3. Do not oversimplify. It is important to address changes through time and place. This is not just history but is extremely relevant today to all of us here and globally.

4. Make sure your child knows you’re available if questions arise and ensure that your child is aware of safe avenues to raise concerns and to take action, such as organising, using your privilege for others, voting or reporting an incident to teachers and stop hate UK.

5. Differing ages and needs must be considered. It may be beneficial to build context and resilience before addressing the more disturbing and traumatic aspects.

Share books, shows and films with positive representations of people of colour from an early age and throughout childhood.


You don’t need to have all the answers but it is vitally important to educate yourself. Below are just a few examples of where to begin.

Talk to people with lived experiences, when appropriate (anti racism movements in Britain have a long history).

Visit the International Slavery Museum in person or take a free virtual tour.

International Slavery Museum

Black History Curriculum

Youtube Channel – The Black History Curriculum

Understanding Slavery Initiative

Stop Hate UK

Youtube Channel – Every Single Word Spoken by a person of colour in…

Anti-Racism Resources for all ages

Los Angeles Public Libraries excellent reading list

BBC Bitesize

Support from Carry Your Weight to learn how to be a great non-black ally

The Runnymede Trust – Actions to change the History Curriculum

Guardian article- 20 ideas to make the UK less rascist

The Advocacy Academy – for South Londoners going in to Yr 12 or 13



Related entries

10 ways I’ve been amusing my kids in lockdown

10 ways I’ve been amusing my kids in lockdown

Back in lockdown and the kids are already clawing the walls. Below I have listed ten top online edu-tainments that are keeping me sane. 10 – Herstomonceaux Observatory This historic tourist attraction is sharing a few simple stargazing activities. Enjoy them with your...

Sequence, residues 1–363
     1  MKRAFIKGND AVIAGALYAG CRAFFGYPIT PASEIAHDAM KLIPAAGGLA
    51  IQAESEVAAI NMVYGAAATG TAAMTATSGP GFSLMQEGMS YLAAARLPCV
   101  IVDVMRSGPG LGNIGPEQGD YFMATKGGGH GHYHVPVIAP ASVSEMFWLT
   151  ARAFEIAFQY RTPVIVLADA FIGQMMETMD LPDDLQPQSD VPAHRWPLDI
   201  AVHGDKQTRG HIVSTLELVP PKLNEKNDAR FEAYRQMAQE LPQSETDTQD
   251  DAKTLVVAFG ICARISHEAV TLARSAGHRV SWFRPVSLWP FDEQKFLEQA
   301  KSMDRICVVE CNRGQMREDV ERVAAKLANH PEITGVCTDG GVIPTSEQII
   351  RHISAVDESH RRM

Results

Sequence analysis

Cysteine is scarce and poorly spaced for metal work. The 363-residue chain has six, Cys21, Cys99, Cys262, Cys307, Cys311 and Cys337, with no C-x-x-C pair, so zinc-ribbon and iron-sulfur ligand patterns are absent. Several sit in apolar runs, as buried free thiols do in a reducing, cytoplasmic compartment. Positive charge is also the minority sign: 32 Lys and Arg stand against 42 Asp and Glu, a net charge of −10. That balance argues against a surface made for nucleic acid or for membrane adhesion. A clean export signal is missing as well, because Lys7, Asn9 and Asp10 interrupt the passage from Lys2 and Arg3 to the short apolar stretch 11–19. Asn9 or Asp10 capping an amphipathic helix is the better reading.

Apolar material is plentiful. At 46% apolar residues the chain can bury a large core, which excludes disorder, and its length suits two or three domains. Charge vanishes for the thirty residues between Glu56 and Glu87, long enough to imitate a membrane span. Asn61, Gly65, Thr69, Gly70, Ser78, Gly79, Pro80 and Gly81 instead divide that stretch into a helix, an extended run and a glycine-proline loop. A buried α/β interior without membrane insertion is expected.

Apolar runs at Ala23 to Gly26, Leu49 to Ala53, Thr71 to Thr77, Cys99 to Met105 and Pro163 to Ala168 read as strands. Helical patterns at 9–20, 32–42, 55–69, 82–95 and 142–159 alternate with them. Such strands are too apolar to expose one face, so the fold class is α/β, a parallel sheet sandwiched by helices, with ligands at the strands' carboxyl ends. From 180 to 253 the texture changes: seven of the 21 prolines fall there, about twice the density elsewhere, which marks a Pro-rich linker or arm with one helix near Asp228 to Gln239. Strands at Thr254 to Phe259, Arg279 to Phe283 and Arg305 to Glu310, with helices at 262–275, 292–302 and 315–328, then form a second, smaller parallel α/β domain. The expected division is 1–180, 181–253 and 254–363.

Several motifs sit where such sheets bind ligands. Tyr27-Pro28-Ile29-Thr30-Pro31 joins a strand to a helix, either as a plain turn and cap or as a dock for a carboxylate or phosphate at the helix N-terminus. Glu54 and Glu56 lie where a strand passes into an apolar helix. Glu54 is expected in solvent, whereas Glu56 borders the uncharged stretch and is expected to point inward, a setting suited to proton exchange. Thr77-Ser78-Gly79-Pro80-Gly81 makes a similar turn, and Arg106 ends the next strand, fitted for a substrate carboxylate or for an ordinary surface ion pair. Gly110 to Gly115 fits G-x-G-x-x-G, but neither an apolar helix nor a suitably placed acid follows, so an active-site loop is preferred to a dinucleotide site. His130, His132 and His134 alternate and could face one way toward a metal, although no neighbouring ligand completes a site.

Covid at College: How to support a self-isolating student

Covid at College: How to support a self-isolating student

Around 40 Universities have reported Covid-19 cases and there are thousands of students self-isolating. Watching your child leave for University has never been harder.   In September students received a personalised plea from Boris Johnson, “Please, for the sake...

The School of Daddy and Fire

The School of Daddy and Fire

"The past few months have clearly been very challenging for a lot of people, and I by no means want to belittle anyone’s experiences but I’ve felt that I’ve been especially lucky during this time." 60:40 Dad Every week normally I feel like I don’t get to see my...

Latest entries

Your Guide to the European Championships

Your Guide to the European Championships

Like it or loathe it, the next few weeks are going to be all about football. If you want the basics to keep up with your footy crazy kids we’ve compiled this handy guide to give you an overview of the upcoming European Championships. What are the European...



Dads, do you struggle sometimes? Who do you reach out to for help? Debbie Pattison, a qualified counsellor at Fegans can answer your questions. Send them in to Ask Debbie at and if she can she will answer. Today’s question is from a dad who shares care...

The Duke and Duchess of Sussex welcome a new baby girl

The Duke and Duchess of Sussex welcome a new baby girl

Welcome to the world Baby Lilibet. The team loves a baby and the new daughter of the Duke and Duchess of Sussex is just the good news we need. Named for her grandmother and great-grandmother, Lilibet...

Pin It on Pinterest